Like a lot of kids in the late 80s, I found a GameBoy under my Christmas tree. It came with one pack in game - Tetris. I played during the days, my Dad played in the evenings.
Tetris was not my first gaming love. Games on the Spectrum probably took that place, but the Gameboy was my first console - a device dedicated to only playing games. As a youngster I wanted excitment, and whilst I sunk hours in to the Tetris, I craved arcade action reflecting what I saw on review shows such as Bad Influence.
As I got older - that relationship changed. I’ve almost always had a GameBoy - a DMG at first, then a Pocket. The Colour and later versions didn’t appeal, I’ve got some sort of attachment to monochrome screens… After uni, I bought a new transparent crystal pocket and added a back-light mod to defeat darkness. Tetris went from the game that I played a bit to the game that I played obsessively. I keep an Everdrive for playing other games, but there is always a separate Tetris cartridge.
The history of Tetris reads like a bad Holywood plot. Now that there’s going to be an Apple TV movie with Taron Egerton as Henk Rogers, I suppose it is now a Holywood plot. I digress, it’s full of drama, deadlines, negotiation, angry Russians, at least one media mogul (spoilers - he ends up dead), pirated code, chips, Atari and Nintendo. No idea how they’re going to get it all in to one movie.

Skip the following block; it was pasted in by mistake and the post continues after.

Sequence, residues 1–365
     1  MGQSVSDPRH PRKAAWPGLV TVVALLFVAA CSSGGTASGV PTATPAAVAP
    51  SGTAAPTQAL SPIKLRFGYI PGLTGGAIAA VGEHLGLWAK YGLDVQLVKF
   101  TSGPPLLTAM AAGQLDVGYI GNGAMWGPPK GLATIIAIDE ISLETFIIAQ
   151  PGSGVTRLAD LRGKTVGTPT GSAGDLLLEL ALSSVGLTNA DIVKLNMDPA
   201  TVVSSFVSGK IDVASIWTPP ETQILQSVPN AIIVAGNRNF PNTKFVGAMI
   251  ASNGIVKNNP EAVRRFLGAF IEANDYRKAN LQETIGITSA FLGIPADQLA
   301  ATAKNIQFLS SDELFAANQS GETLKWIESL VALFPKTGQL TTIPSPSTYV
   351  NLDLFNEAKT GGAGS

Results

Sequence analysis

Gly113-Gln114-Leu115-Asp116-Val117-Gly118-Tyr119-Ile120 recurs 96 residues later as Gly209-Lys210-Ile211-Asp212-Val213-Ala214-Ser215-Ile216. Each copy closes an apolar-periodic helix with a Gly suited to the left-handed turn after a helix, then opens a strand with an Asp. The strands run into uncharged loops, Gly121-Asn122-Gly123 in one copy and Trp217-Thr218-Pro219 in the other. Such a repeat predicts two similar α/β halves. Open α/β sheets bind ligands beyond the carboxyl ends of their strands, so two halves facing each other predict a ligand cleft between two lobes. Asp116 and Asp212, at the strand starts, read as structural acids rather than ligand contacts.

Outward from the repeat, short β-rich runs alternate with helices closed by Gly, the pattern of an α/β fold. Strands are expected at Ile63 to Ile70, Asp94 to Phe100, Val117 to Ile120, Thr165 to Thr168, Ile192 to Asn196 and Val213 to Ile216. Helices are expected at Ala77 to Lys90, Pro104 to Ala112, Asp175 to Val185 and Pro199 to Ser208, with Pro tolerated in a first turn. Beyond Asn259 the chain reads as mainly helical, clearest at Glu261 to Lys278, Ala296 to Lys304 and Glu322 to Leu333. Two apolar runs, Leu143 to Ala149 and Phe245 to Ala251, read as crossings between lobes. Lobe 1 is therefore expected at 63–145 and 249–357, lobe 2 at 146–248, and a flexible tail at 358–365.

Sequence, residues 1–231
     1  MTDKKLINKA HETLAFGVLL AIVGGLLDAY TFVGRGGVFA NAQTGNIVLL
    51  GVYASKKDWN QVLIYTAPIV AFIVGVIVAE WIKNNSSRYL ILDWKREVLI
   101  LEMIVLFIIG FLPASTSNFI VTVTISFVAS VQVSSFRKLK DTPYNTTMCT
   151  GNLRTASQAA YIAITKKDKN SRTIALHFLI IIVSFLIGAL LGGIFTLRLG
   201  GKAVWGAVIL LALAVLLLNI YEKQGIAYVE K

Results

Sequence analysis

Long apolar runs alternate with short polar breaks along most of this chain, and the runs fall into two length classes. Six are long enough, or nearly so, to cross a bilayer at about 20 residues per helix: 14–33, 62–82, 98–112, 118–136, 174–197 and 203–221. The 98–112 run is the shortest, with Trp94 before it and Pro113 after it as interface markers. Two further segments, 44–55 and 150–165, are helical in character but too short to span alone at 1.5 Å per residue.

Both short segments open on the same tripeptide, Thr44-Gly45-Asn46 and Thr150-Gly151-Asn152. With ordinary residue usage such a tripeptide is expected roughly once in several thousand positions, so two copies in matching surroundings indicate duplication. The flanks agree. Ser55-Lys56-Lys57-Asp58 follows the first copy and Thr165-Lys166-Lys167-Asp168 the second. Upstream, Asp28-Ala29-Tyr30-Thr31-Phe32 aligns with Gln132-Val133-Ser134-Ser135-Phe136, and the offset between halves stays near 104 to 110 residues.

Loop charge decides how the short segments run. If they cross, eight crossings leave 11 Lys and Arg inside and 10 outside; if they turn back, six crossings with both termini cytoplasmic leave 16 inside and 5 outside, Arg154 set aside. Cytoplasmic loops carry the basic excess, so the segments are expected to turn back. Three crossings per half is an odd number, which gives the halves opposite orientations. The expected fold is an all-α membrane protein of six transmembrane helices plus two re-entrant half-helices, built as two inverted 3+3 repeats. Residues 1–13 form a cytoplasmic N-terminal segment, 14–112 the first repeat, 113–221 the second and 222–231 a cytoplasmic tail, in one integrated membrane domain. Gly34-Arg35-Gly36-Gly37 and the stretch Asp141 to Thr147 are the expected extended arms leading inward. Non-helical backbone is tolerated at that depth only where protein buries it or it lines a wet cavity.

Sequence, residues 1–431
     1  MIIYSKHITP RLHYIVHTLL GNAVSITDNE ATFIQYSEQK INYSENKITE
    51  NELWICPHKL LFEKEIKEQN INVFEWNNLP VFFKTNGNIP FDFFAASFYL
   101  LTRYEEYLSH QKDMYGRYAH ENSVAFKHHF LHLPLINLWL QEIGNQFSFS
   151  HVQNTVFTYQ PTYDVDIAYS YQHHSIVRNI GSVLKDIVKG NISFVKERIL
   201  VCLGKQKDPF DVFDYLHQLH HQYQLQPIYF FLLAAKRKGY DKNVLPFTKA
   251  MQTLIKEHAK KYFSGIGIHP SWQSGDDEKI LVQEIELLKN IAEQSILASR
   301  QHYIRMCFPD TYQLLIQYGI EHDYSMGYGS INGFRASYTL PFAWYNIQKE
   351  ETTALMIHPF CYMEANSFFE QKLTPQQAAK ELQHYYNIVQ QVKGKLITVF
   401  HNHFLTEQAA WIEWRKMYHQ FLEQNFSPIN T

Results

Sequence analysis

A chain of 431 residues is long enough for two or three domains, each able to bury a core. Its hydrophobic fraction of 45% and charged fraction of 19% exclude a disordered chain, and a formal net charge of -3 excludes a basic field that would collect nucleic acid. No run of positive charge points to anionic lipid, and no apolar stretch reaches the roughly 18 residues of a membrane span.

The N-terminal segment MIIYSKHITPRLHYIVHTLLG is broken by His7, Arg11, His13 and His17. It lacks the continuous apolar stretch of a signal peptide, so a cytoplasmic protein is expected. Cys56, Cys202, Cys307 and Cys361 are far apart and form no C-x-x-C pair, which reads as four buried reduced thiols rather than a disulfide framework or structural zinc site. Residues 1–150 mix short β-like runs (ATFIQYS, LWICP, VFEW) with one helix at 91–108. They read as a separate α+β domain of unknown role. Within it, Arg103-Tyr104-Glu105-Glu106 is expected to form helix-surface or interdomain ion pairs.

“The Tetris Effect” by Dan Ackerman was a holiday purchase I read a few years go. I
intended it to be “casual reading”, and then glued my nose to it for a few days. For
me, this is the comprehensive history of the game and the people involved.
If you enjoyed Fire In the Valley, or Soul of a New Machine, you’ll find this an easy and exciting read. If you enjoy John le Carré novels, you might find aspects unbelievable (it’s all true).
“Tetris: The Games People Play” by Box Brown is a graphic novel telling of the story. Each section starts with head shots to introduce new players before telling their story. It starts with exploring the ideas of gameplay before introducing Alexey Pajitnov and Vadim Gerasimov. As with the Tetris Effect, we explore the same story, but we get a different take on how the individuals were effected and their roles in the story. It’s immensely enjoyable with two tone block coloured artwork.